The other answers are great, so I'm going to fill in some misconceptions in the question.
SEND A SCOUT FIRST!
Building and launching a ship with 50,000 people on board, and their life-support, for a 4 light year journey where they need to slow down and land at the end is a massive undertaking. Doing it with little information about where you're going is a risk you do not need to take.
While that's going on, make some small, fast, one-way robotic scouts and send them out. It can make some observations, answer some basic questions, and send the intel back. The composition of the planet and its atmosphere. Is there life? Is it intelligent? Is it hostile? Do we need weapons? What's a Kardashian and how much delta-V do we need to keep up with them?
Even if the colony ship launches before the scout reaches Earth, the data from the scout still gives the colony ship, with the help of the people back on Alpha Centauri, years to better prepare for the landing.
We can make weapons to hunt animals from materials on that planet
You can hunt them, but you probably can't eat them. Meat on Earth is useful as food for humans because humans evolved from Earth. We share the same amino acids and vitamins as the rest of life on Earth.
In fact, we're so hooked into the rest of life on Earth that we're dependent on eating other life to get some of those amino acids. We're so interdependent that there's some things we cannot digest, we need bacteria in our guts to digest it for us.
A life form that evolved on Alpha Centauri, even if it's using DNA and amino acids, will have evolved to use a completely different set of amino acids and vitamins. Even if they fill the same roles (they probably don't), they'll be at least slightly different and their bodies will not be able to use them. At best they'll be indigestible. At worst they'll be poison. They'll also lack our gut bacteria to digest things for us.
This isn't just a problem for eating animals, its a problem for eating anything on Earth. And this applies to all life coming from Alpha Centauri. Earth life has evolved to make use of, or at least tolerate, the trace elements present on the Earth like Molybdenum and even Arsenic.
Aliens from Alpha Centauri will have its own mix of trace elements, and its own trace needs and levels it can tolerate. It won't be the same as ours.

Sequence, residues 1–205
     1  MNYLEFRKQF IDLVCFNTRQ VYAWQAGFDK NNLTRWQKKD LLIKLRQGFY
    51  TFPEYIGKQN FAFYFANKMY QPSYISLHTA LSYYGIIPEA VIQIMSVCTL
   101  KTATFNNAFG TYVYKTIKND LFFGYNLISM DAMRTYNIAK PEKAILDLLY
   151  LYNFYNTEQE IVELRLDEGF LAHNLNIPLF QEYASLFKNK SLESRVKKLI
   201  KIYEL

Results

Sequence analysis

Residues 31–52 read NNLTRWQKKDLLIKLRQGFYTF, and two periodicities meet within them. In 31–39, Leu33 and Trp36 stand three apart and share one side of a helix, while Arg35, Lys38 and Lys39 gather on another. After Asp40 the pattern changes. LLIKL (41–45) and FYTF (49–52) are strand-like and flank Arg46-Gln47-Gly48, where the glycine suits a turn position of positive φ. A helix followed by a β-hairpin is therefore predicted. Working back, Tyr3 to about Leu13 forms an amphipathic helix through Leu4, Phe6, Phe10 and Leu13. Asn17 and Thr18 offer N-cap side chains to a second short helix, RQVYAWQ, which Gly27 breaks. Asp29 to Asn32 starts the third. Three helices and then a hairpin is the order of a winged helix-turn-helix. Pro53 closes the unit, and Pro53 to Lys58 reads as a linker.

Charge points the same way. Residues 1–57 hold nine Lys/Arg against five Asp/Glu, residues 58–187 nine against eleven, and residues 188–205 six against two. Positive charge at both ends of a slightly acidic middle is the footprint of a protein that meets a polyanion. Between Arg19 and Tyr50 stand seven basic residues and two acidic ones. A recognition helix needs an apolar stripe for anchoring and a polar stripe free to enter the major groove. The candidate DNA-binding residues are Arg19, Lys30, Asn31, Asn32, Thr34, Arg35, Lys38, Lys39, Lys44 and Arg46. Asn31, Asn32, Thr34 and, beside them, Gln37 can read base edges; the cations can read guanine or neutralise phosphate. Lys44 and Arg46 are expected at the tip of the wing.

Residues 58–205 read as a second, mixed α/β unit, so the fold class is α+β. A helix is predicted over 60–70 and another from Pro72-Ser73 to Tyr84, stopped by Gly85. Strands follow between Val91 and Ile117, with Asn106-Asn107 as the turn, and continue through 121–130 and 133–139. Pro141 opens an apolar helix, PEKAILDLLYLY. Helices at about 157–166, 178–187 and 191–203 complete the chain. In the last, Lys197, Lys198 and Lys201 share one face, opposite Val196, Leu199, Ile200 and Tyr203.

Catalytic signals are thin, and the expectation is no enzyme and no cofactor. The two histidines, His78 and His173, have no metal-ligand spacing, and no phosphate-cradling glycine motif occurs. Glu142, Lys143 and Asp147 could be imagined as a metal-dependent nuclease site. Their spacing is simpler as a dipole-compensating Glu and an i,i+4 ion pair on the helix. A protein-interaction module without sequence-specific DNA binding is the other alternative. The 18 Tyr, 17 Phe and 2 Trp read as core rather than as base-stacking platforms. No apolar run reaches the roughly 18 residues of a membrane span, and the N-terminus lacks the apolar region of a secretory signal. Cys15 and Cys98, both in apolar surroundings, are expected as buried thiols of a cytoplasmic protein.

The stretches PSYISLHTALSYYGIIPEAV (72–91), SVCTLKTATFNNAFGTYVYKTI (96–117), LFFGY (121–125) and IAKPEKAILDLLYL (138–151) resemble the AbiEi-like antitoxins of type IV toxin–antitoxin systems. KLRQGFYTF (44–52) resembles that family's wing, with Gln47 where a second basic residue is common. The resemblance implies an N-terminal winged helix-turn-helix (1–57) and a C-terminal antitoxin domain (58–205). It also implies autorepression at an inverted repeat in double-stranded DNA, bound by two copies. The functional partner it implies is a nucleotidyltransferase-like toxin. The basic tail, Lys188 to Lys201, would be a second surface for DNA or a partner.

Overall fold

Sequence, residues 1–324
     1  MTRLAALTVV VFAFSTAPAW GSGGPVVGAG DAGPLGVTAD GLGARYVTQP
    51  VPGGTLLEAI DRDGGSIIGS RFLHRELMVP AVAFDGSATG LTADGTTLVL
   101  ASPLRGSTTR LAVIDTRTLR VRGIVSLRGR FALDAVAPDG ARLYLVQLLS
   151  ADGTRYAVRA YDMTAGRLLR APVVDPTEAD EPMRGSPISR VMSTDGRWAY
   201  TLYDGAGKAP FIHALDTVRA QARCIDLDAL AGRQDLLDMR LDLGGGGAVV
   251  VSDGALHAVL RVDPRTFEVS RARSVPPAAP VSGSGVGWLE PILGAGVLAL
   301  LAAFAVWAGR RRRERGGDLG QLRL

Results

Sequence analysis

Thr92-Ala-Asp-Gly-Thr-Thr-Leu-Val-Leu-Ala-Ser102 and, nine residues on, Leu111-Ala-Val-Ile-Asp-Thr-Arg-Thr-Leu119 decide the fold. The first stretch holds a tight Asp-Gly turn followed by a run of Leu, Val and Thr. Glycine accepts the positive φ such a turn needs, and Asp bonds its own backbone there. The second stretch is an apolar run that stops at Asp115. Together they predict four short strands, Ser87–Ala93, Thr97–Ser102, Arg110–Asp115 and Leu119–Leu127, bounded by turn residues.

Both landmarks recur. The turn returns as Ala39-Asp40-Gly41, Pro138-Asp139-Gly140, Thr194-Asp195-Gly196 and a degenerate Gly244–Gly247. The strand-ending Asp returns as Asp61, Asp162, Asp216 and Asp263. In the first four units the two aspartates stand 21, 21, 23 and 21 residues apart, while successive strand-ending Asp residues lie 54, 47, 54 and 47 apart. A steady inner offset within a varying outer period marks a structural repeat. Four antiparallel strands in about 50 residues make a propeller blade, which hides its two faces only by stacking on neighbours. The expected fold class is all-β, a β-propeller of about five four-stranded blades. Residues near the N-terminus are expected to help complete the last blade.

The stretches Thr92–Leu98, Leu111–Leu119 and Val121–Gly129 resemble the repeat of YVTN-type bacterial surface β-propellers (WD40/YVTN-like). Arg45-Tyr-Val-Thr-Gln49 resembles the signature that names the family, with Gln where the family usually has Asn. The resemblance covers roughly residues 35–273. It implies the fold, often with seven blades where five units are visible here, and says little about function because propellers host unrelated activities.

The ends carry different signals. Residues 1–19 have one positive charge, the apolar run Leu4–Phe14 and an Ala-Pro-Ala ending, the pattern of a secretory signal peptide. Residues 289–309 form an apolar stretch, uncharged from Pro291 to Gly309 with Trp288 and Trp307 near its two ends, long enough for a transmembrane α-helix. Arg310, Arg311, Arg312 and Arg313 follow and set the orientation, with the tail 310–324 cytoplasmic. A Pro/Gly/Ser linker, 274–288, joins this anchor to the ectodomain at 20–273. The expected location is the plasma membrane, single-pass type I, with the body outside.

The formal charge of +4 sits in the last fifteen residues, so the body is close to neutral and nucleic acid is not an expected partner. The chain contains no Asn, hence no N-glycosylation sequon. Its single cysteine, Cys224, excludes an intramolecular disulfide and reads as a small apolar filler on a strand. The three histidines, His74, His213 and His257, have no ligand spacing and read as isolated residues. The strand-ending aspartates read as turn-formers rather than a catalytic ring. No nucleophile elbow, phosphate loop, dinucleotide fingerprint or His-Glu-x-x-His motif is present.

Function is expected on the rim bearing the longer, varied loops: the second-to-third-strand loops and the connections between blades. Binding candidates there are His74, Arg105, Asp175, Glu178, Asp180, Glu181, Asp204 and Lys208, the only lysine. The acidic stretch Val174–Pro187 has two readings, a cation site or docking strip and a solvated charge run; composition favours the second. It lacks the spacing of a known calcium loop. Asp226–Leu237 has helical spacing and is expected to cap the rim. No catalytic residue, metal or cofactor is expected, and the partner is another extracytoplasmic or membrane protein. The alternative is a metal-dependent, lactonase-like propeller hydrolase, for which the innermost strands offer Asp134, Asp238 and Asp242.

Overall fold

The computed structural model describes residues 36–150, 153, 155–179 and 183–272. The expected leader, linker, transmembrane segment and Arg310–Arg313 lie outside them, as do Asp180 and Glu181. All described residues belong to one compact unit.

Life has evolved to deal with a certain amount of trace minerals naturally present, but no more. More would be inefficient, and something better optimized to the environment would have an advantage. This is part of why industrial pollution of heavy metals is so toxic to everything on Earth, we've changed the mix of trace elements faster than evolution can adapt. People from Alpha Centauri will also have no time to adapt. Something in our mix of trace elements will likely be above their tolerance levels, and something they rely on will likely be too low.
Farming, hunting, and even breathing will slowly kill them and leave them deficient. They'll need to filter and supplement everything.
They can 3D print the weapons, but to make bullets is quite complicated, so they still need to pack at least the bullets
You have this backwards. Making bullets is easy, 3D printing a gun is hard.
Brass cartridges haven't changed much in over 100 years. Molding bullets is trivial. Making smokeless powder is also trivial for a space-faring civilization. Drawing a modern brass or steel cartridge is harder, but not difficult, and they can be reused and reloaded. At minimum, you can make paper cartridges. We figured this all out almost 150 years ago, and the Alpha Centauri folks can be safe to assume they'll find material on site to make bullets.
In contrast, a gun has to withstand the high pressures of the exploding powder. If you want it to be accurate, it has to be machined to high tolerances. If you want it to be semi-automatic, it requires fiddly little parts. If you want it to last, it has to be hardened in the right places.
We can 3D print a modern gun, but we only got this working in the last few years. And they'll will only last for a few hundred rounds, as opposed to tens of thousands for a normally manufactured gun. Improvements in 3D printing will fix this.
Point is: making bullets is easy and very well understood and we've been doing it for over a century. 3D printing a gun is hard, and they're not the best quality, and we only recently figured it out. If you can 3D print a gun, you can most definitely make bullets.
Since every additional gram of mass will add many, many times its weight in fuel, any "weapon" they bring with them will actually be a tool that can serve as a weapon in a pinch. If they need real weapons, they can 3D print them.